Monday, December 26, 2011

UNSPOOLING: Yellowstone Kelly

I'm nothing if not opportunistic, some of the time. (Perhaps that means that the rest of the time, I am nothing, but that's a monologue for another day.) I was cruising the darkest reaches of Netflix last night, searching for something new to watch, and I found a '50s western called Yellowstone Kelly that was only available for streaming until January 1. Naturally, I watched it.

Boy, am I glad I did.

I'm not sure if I love the Western genre or if I despise it. There's plenty of room for creativity: with the colorful, varied history and the variety of scenery the American West provides, there's no excuse for formulaism. Regrettably, too many studios churned out cookie-cutter lawman flicks in the '30s, '40s, and '50s, with the result that the market became oversaturated. Today, many consider the Western a dying genre.

Either way, Yellowstone Kelly was not cookie-cutter. It was unique. It was different. It used some traditional cliches, especially narratively. Its characters were fairly well-drawn. The cinematography was excellent.

A few positive points stood out to me, in particular. First, the fistfights: any Western worth its salt will have at least one fistfight. Audiences expect it, and it's a good way to build tension between characters without seriously injuring or killing any of them. My problem with most fistfights, especially in the heyday of the Western, is that they're more like boxing matches: the fighters seem to think that leg strikes and other grappling techniques are forbidden. And honestly? Nobody boxes in real life. If it's a fight, you're mad, and you'll do whatever you can to hurt the other guy. You're not going to just punch him.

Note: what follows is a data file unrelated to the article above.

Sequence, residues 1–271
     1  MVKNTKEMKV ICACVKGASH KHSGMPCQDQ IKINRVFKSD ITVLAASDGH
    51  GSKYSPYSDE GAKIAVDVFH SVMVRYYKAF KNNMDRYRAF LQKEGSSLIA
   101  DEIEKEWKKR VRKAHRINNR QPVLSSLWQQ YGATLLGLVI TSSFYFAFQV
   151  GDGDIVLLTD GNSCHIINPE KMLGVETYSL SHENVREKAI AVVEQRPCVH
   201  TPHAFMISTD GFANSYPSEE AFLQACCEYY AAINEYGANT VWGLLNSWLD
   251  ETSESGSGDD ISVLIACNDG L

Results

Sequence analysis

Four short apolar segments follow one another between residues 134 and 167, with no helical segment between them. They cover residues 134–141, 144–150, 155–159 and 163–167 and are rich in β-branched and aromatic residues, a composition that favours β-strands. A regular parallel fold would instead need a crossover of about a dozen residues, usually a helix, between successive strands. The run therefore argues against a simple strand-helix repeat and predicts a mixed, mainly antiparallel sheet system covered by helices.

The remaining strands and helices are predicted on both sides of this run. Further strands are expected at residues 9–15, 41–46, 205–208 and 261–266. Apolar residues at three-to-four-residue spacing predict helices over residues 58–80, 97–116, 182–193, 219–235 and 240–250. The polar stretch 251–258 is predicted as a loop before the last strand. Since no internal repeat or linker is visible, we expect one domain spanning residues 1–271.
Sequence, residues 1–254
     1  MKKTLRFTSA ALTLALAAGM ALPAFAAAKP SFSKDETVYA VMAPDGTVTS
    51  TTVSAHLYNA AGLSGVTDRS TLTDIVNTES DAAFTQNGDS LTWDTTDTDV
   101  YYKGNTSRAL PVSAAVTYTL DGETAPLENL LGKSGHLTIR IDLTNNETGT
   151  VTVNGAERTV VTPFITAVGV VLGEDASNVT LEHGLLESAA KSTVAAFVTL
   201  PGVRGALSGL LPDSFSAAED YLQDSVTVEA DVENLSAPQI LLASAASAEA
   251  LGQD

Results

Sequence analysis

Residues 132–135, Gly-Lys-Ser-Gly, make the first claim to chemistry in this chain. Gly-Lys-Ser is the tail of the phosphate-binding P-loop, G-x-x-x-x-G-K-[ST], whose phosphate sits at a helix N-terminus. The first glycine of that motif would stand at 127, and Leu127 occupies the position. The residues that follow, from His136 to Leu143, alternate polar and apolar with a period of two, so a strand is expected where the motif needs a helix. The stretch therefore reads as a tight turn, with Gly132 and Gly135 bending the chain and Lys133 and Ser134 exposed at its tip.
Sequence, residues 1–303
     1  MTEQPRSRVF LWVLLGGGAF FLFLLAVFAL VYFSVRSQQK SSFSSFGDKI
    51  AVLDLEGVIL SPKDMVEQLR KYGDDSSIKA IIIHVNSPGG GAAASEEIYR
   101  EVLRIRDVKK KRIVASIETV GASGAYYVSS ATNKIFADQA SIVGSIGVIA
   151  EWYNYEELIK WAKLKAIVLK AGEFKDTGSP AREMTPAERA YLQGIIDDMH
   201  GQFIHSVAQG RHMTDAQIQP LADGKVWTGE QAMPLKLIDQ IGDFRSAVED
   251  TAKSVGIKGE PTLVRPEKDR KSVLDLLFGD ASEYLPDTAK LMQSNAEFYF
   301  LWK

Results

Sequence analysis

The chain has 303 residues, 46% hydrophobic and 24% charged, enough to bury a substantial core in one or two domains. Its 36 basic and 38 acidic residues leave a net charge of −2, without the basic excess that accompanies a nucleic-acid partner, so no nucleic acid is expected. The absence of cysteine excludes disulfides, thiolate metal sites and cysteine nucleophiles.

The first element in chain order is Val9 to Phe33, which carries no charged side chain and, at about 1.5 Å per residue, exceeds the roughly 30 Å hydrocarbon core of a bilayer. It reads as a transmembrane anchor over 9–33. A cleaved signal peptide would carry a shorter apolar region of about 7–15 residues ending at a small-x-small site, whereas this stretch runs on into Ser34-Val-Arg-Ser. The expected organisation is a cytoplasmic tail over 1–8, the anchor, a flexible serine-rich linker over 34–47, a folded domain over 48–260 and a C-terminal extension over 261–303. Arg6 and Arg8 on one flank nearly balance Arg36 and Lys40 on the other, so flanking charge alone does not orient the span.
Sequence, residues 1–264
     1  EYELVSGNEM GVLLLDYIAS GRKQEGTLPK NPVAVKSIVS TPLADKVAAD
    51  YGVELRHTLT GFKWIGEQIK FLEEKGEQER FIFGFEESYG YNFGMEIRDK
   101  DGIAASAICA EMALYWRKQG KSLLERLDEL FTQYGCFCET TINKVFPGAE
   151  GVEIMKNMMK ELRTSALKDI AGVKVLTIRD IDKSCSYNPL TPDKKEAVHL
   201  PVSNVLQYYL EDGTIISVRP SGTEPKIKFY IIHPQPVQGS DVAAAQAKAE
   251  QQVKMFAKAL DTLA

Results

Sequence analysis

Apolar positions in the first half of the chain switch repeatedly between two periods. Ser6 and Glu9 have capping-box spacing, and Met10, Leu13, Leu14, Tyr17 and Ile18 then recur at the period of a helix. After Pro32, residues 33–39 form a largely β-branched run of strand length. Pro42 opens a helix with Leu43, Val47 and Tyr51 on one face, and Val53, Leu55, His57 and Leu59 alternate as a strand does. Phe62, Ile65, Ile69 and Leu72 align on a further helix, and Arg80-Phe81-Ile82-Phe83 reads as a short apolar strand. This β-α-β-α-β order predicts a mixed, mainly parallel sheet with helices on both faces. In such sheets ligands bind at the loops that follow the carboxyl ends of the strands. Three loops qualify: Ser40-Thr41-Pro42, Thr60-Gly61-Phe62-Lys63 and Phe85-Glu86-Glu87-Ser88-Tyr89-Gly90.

Thankfully, Yellowstone Kelly broke the mold. I noted with approval that the titular character used elbows, knees, kicks, and even a clothesline to take down his opponents. It was fresh, it was new, and it was appreciated.

There was also a nice bit of parallelism, parallelism for which I saw the potential fairly early on, but didn't expect to be fleshed out. I won't give it away, but it revolves around two similar relationships focused on a single MacGuffin. I was very pleasantly surprised by the literate nature of the parallelism.

Perhaps I enjoyed Yellowstone Kelly more because it's set in my favorite part of America, the Northern West (Montana, Wyoming, Idaho). That fact, coupled with the glorious cinematography, may have biased me to enjoy the film more than I would have otherwise. Full disclosure here, people.

I give Yellowstone Kelly 4 Reels on Ian's Totally Subjective Film Rating System.

Long live gems!

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